4 myths about hot water systems explained
Published: June 16, 2021 Last Updated: June 21, 2021
Want to get to the bottom of some of the un-truths about hot water systems that are floating about the internet? We’ve cut through the maybes to give you the facts so you can make educated decisions around which hot water system is right for your home.
Myth 1 - Solar hot water systems only work when it’s sunny
With Brisbane and SEQ basking in gloriously bright sunshine for an average of 126 days each year, and smugly enjoying 134 partly sunny days for the remainder of the year, installing a solar hot water system seems a logical choice.
However, even with around 2,884 hours of sunshine annually residents of the Sunshine State have resisted getting on board with this great renewable energy powered water heating option. This could be in part because they’ve heard about the myth that solar hot water systems don’t work on cloudy days.
What if we want to have a hot bath when it’s been raining all day? Fair question. So that’s 104 days that you just have to suck it up and have a cold shower? Well, no.
Just as it’s really easy to get sunburnt on overcast days, your solar hot water heater can also generate hot water when it’s cloudy.
Even when we’re all at risk of developing a vitamin D deficiency from lack of sun for days on end, the solar hot water system can still provide you with a hot shower using the fitted gas or electric booster system. The booster will automatically activate when the water temperature drops, ensuring you always have a reliable supply of hot water. When the sun comes out again the booster switches off and unit goes back to using the free green energy from the sun, keeping running costs to a minimum all year round.
Myth 2 - The hotter my hot water the better
Surely having steaming hot water coming out of the tap is the whole point of a hot water system?
Well, no. Having your hot water set at a temperature that is too high (over 50℃) can present a serious safety issue.
If you have a storage tank unit and the hot water is being delivered to your bathroom taps at the same temperature that it is stored at, you and your family could be at risk of severe scalds. This is because the water in the tank must be kept above 60℃ to prevent the growth of bacteria which can cause health issues (eg legionella bacteria which can cause Legionnaires Disease).
- Hot water at 68°C can take as little as one second to cause scalding
- At 50°C degrees, it takes hot water five minutes to cause a burn.
The risk of someone in your home suffering burns from water that is dangerously hot is even higher if you have small children or elderly family members.
Hotter hot water is not better. Get your plumber to check that the hot water being delivered to your bathrooms is a safe 50℃ or below. If this is not already the case they can either adjust the temperature setting or install a tempering valve.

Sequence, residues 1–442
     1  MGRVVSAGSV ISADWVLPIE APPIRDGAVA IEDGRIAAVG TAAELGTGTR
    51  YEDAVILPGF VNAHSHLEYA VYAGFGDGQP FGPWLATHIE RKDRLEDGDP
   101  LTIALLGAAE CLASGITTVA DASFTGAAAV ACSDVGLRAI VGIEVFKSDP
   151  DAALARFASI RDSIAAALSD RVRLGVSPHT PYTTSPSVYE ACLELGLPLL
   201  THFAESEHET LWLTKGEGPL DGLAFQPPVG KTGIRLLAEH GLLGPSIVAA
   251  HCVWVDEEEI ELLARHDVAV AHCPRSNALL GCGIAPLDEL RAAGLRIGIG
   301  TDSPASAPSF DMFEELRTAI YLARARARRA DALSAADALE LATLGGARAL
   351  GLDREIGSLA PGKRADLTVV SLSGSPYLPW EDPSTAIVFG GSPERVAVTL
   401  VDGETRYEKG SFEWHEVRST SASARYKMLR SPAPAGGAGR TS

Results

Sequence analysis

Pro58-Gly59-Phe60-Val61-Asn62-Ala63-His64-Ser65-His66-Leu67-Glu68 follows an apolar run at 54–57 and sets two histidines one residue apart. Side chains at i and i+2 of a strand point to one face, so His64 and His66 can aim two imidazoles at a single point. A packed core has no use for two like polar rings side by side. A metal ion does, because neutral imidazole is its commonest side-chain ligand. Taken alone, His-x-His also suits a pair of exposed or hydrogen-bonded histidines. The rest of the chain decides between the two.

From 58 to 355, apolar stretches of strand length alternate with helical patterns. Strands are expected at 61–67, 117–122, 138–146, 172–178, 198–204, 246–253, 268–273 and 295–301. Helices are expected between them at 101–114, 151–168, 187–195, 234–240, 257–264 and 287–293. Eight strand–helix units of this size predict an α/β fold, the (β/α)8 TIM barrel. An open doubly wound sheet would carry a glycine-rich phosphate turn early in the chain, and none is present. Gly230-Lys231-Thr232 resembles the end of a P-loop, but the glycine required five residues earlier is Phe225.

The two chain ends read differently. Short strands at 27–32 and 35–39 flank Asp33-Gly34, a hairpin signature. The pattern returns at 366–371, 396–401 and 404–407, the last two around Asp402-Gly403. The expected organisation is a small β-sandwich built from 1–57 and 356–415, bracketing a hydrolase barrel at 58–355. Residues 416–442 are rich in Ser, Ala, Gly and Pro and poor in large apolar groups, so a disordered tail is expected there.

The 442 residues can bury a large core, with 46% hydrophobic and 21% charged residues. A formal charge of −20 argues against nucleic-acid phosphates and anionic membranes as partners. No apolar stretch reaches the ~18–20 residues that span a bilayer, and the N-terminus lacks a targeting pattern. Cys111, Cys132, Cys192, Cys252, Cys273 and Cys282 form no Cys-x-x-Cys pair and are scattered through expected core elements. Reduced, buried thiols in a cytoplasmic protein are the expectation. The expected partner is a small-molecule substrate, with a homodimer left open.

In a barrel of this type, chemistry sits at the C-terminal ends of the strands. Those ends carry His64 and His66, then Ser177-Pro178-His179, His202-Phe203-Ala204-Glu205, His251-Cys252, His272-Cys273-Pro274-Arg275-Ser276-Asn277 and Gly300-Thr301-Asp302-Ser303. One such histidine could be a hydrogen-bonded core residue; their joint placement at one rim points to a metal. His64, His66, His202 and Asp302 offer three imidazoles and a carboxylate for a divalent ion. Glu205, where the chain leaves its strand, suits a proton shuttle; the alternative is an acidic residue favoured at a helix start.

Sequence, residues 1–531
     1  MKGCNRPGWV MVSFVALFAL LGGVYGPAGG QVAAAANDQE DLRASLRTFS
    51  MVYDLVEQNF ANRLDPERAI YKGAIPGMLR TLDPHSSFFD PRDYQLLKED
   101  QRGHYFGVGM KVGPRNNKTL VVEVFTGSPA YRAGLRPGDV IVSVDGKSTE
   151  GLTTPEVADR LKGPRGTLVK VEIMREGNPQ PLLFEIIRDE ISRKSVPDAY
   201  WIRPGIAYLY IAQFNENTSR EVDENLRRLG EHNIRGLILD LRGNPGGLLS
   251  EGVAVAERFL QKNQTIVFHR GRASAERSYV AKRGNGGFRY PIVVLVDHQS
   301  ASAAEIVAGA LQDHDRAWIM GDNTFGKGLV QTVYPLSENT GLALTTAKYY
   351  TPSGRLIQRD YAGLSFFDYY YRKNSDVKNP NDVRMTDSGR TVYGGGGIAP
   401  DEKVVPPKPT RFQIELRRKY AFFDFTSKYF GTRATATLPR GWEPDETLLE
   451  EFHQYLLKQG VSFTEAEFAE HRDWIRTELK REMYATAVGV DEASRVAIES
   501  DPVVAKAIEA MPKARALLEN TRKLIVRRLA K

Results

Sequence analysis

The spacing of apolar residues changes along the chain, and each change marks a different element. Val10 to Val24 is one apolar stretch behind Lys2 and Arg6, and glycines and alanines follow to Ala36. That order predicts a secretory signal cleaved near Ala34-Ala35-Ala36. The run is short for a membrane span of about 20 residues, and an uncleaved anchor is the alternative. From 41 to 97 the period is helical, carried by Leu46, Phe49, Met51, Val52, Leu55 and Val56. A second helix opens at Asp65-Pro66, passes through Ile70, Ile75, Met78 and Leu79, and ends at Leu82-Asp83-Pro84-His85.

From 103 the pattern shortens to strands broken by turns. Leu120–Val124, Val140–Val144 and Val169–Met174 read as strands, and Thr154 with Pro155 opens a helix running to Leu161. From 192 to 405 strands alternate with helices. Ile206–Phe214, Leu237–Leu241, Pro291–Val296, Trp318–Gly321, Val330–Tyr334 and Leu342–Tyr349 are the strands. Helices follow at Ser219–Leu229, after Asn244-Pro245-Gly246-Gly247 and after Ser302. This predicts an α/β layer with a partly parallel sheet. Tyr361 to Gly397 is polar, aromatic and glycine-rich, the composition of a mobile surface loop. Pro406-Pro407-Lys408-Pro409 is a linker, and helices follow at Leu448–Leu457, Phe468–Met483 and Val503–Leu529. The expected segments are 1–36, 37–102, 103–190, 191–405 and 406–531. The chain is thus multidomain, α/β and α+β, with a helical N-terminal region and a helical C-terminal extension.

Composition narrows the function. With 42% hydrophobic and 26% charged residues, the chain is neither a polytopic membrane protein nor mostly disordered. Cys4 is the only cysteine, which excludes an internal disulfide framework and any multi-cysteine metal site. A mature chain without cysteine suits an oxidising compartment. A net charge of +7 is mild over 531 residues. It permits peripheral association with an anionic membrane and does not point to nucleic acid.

Note - as instant hot water systems don’t need to store water they are often pre-set with a specific delivery temperature.
Myth 3 - Replacing your old hot water unit with the same style & size is a good way to go
The hot water system that suited your household or family 10 years ago is probably not the best option now. Why is this? Households can go through a lot of change over that time.
Small children who were happy as a clam in ¼ of a bath of water might now be teenagers who love to take looong showers (why teens do is one of the great mysteries of life). Or maybe the kids have moved out altogether and the demands on your once hard-working hot water system are much lower now.
Re-assessing your hot water requirements can help to ensure the new hot water system that you install meets your current and future needs, rather than those of a decade ago. Taking the time to speak to a hot water specialist about an energy-efficient replacement option could present significant savings. This can affect the purchase price of the new unit, as well as reducing your running costs over the long term (even if you’re upgrading to a larger unit).
No one wants to constantly run out of hot water or pay to heat water they’re never going to need. Get advice from your local hot water experts to ensure the new hot water system is perfect for your requirements.
Myth 4 - Instantaneous hot water systems supply hot water to your tap instantly
Despite the ‘instant’ name, when you turn on the HW tap there can be a short lag if you have an instant hot water system. This lag is due to the distance the water must travel between the unit and the tap.
The ‘instant’ or ‘instantaneous’ in the name refers to the unit immediately starting to heat water when you turn on the outlet. Most major brands, such a Rinnai and Rheem, use the term ‘continuous’ or ‘continuous flow’ rather than instant to describe their products to remove the idea that they guarantee immediate hot water.
The lag can be minimised by locating the system as close as possible to the outlet/s. For larger homes, or properties in which kitchens and bathrooms are some distance apart, installing multiple units can help keep the response time down. Speak to your hot water installer for advice on the most effecive installation position for your home.
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